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The Issaquah Press
Issaquah, Washington
March 25, 2009     The Issaquah Press
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March 25, 2009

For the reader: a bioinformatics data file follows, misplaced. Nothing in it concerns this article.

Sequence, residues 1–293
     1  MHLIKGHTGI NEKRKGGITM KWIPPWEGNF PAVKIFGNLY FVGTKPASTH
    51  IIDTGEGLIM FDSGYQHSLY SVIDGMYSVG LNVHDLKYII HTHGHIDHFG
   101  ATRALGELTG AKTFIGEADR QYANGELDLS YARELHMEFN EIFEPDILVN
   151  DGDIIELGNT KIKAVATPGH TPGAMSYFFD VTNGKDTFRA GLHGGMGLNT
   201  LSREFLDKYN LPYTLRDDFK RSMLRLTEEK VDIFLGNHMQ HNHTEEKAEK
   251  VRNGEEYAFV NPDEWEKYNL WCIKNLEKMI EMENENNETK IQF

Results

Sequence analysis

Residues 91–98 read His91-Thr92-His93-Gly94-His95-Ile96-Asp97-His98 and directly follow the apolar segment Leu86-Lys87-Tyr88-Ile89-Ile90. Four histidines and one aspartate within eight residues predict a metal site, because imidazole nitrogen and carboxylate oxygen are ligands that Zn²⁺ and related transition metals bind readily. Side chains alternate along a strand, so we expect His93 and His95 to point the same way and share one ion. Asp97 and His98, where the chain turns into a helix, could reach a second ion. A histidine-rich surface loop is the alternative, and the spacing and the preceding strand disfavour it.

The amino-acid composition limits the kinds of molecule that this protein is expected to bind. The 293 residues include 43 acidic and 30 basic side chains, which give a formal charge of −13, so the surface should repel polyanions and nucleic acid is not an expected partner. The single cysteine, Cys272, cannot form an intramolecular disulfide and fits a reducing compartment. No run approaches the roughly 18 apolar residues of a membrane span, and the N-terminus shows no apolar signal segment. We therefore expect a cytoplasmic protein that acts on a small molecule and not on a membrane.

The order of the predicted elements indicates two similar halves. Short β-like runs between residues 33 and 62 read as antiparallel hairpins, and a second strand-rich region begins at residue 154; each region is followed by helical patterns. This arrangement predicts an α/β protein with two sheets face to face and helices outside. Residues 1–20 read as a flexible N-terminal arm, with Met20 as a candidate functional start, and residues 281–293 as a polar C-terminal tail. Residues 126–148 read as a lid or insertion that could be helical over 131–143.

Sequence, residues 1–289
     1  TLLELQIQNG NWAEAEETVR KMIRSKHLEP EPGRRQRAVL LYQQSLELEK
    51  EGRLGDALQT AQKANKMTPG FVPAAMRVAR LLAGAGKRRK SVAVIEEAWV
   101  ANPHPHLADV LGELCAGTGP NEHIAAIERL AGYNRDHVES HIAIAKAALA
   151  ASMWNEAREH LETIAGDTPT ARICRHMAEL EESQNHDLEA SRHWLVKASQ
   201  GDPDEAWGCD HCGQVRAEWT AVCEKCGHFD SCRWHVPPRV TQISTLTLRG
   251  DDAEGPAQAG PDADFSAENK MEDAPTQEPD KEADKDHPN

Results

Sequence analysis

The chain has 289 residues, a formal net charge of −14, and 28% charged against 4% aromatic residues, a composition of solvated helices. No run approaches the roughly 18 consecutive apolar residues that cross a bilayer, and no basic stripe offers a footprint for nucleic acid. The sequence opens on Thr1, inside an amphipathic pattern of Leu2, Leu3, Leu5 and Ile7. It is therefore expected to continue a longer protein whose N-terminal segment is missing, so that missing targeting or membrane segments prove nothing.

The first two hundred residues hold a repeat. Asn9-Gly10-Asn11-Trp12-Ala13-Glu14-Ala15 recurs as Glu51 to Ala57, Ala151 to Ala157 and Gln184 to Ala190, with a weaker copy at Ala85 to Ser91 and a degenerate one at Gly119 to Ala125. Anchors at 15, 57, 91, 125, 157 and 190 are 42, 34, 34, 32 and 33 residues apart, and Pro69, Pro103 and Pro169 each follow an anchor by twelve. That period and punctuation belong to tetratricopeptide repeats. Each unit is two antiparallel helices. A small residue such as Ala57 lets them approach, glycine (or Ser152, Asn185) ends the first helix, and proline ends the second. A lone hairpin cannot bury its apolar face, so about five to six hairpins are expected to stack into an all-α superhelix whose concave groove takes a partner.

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A2 WEDNESDAY, MARCH 25~ 2009 THE ISSAQUAH PRESS BY WARREN KAGARISE Clark Elementary School fifth- graders recently embarked on a diplomatic mission with cedar planks, copper strips and a mes- sage of friendship. Students used the materials to craft journals that will be sent to children in Chefchaouen, Morocco. Teacher Julia Landa, whose 24 students undertook the project, said the assignment kindled an interest in the African nation. "The wanderlust and the cultur- al intrigue were immediately sparked," she said. Chefchaouen and Issaquah inked an agreement in 2007, binding the distant municipalities as sister cities. Issaquah residents Dan and Portia Anderson, who will vacation in Morocco later this year, plan to deliver journals pro- duced by the Clark students. The Andersons will also deliver art supplies to Moroccan students. The students planned to visit the Blue Door, an arched doorway sent by Chefchaouen officials as a gift for Issaquah City Hall. They were scheduled to deliver the journals and sample a Moroccan tea during the March 24 event. Students fashioned the journals from cedar planks -- which became the covers -- recycled paper and copper accents. Landa said a parent volunteer planned to bind the journals with leather cord. The students also wrote inscriptions for the title pages. Landa integrated art, science, social studies, reading and writing into the journal project. I thought this would be a really good chance for them to make something and put their hearts and souls into it, and to share something with people on the other side of the world," she said. She said the idea for a sister-city project came from City Clerk Tina Eggers, whose daughter Morgan is in Landa's class. Landa and her husband, Brent Johnson, visited Morocco last year. They toured Marrakech, Casablanca and the capital, Rabat. Chefchaouen, nes- fled in mountainous, northwest- ern Morocco near the Mediterranean coast, was a last- minute addition to their itinerary. When she launched the unit on Morocco in early March, Landa showed a slideshow of photos she Clark Elementary School fifth-grader in Chefchaouen, Morocco. Kahlie Bomgardner works on a page for a TINA EGGERS Clark Flementary $hool fifth-grader Morgan Eggem completes a drawing to be included in a journal that will be sent to students in Morocco. TINA EGGERS journal that will be sent to students husband spent three days sight- seeing, shopping and listening to the Islamic call to prayer. "Walking around the town, you feel such a connection to where ~ou are, because the peo,ple have Pen there for so long, Landa said. Mayor Ava Frisinger, who has traveled to Morocco twice in the years since the sister-city agree- ment, said Chefchaouen's long history permeates the town and the identity of its people. Moreover, the sister-city initia- tive provides an "opportunity for people in our community to be introduced to a culture that is sig- nificantly different from what we have here," she said. She said the ties that bind the two cities are deep. "We've experienced such a great friendship between one another," she said. During her visits, "we found ourselves welcomed, embraced and treated as family." and her husband snapped during also wanted to retrace part of the during the 1960s. Reach Reporter Warren Kagarise at 392- their trip. route her parents traveled when "Anywhere their V-Dub would6434, ext. 234. or wkagarise@isspress.com. "I had always wanted to go" to they drove a Volkswagen vantake them, they went," she said. Comment on this story at www.issaquah- Morocco, she said, adding that she throughout Europe and Africa In Chefchaouen, Landa and her press.com. O*ff / WALTER AND JEANNE KIRK enjoy ART, HIKING, BRITISH MYSTERIES favo~fe cuisine BURRITOS, HONEYDEW MELON SLICES WRAPPED IN PROSCIUTTO, FINE MERLOT AND CABERNET SAUVIGNON chose Timber Ridge because CONTEMPORARY NORTHWEST ARCHITECTURE WITH STUNNING VIEWS, WONDERFUL FRIENDSHIPS, SECURITY OF LIFECARE" [ ~'~ ~:ALTER AND JEANNE KIRK MOVED INT0 THEIR NEW HOME AT TIMBER RIDGE [ gh hi ex ectations. Listening to the Kirks, their expectations have been 0 , . I met - and exceeded. When they re not hiking the expansive, protected orest around them, the Kirks spend their time like many residents ... enjoying the beautiful views and seemingly endless on-site services and opportunities such as social hours, fitness classes and nutritious, chef-prepared meals. As the nation's first senior living community m be certified for Leadership " in Energy and Environmental Design (LEED), the Kirks take comfort in knowing their home was bulk with environmentally friendly, sustainable materials. And, with the security of Timber Ridge's L/feCare program, the Kirks no longer have to worry about the cost or quality of long-term health care in the future. The L/feCare program assures the Kirks lifetime use of their lovely residence, 15 plus unlimited access to assisted living, skilled nursing or memory care in a private suite at the on-campus Briarwood Health Center. Importandy, this long- A IBT TEp A LRIuDGs E term health care is provided at substantially the same rate they are paging now for their residence and represents a significant savings when compared m other health care options. Learn more about L/fvCare by calling (425) 427-2929. The"LEED Certification Mark" is a registered trademark owned by the U.S. Green Building Council and is used by permission. 46050 LIVE. YOUR. LIFE. CALL (425) 427-2929 TODAY. ~ ,4 ~ Ore Sert4c~ Com~ 100 TIMBER RIDGE WAY NW, ISSAQUAH, WA 98027 (425) 427-2929 TOLL-FREE (888) 427-2929 Www.TIMBERRIDGELCS.coM me~m BY DAVID HAYES IFYOU GO The official Issaquah Relay for Life event is still over two months away. But that's not stopping one group of enterprising teens from getting a head start on fundraising to raise money for the American Cancer Society's annual event in June. The six members of the team Highland Tigers from Skyline High School are hosting their second annual Ice Skating Exhibition, from 7:30-11:30 p.m. March 28 at Castle Ice. Team captain Michelle Murphy, a junior, said the Highland Tigers are all amateur, competitive ice skaters. And they've invited some friends from the region to join the festivities. "There will be roughly 15 skaters from around the Seattle area performing in the show, with ages ranging from 12 to 18 years old," Murphy said. All of the skaters who will be performing are Northwest Pacific regional competitors, but many of these skaters are also junior national, sectional, national and interna- tional competitors as well." This is the team's second year in the relay. Murphy said they were Relay for Life Ice Skating Exhibition 7:30-8:15 p.m. March 28 Castle Ice Arena 12620 164th Ave. S.E., Renton Admission: $5 Open skate: $8 the extra dollars, there will also be a bake sale, a free tea tasting of a variety of Pacific Mist teas and a booth selling reusable water bot- tles. Relay for Life event co-chair Karen Conley said the Highland Tigers are the leading teen fundraisers. So far, they've raised $940. Their goal is $2,500. Conley said the overall goal for Relay is to top last year's total. "We're aiming to get 80 teams to raise $242,000," Conley said. With only 48 teams so far, she said organizers will accept applica- tions for new teams until early May. The next team captain meeting is at 6:30 p.m. April 14 at the Issaquah Valley Senior Center, where team all at the skating rink chatting one expectations are reviewed, event day when they decided it would be information is passed along and a good idea to join in on the relay, challenges are given for the month. Many of them have close experi- To entice more attendance, Conley ences with cancer. "My sister had leukemia at age 3 or 4 and team founder Chrissy Hughes' mother had breast can- cer," Murphy said. Hughes, a gold medalist at the 2007 Jnnior Grand erix Harghita Cup and 2007 Junior Grand erix Sophia Cup, is now a freshman at Seattle Pacific University. The next logical step for the group of skaters was to host an exhibition. Admission is $5 per person, with all the proceeds going to Relay for Life. Murphy said after the performances, there will be an open skate for the public attending the show for $8. "The rink has been generous enough to give $3 of every $8 fee to Relay," Murphy added. Last year's event raised more than $700. Murphy said she hopes to top $800 this year. To bring in said Domino's Pizza is donating free pizza. This year's relay May 30-31 will break from tradition and be at Skyline High School, due to con- struction at Issaquah High School. The evening's highlight will still be the always-impressive memorial luminaries lit up in remembrance of those who have won and lost their battles with cancer. There will also be camping out on the track's infield and live entertain- ment, although that is yet to be lined up, Conley said. For now, Murphy said the public will have to come to Castle Ice for a night of fun entertainment. "They'll be able to see a whole bunch of skaters doing what they love to do," Murphy said. "Plus, during the free skate, they'll get to spend time with their family and friends and the people they love." Student wins Optimist Club dents across the Puget Sound essay contest area. The winning essay will compete Members of the Optimist Club of with winners from other Optimist Issaquah awarded a $250 college Clubs in the Pacific Northwest dis- scholarship to the winner of the trict-level contest. The winner of club's essay contest, that competition will be sent to the Gretchen Stroh, a senior at international-level contest. College Stillaguamish Valley School in scholarships are available for top Arlington, won the contest, which winners at the district and interna- asked entrants to write an essay tional levels. based on a theme, "The Power of The Optimist Club of Issaquah Youth." The contest, sponsored by will hold an award ceremony at 6 the local chapter of Optimist p.m. March 26 in the Eagle Room International, was open to stu- at City Hall, 130 E. Sunset Way. Let's tar about the Birds and the Bees! 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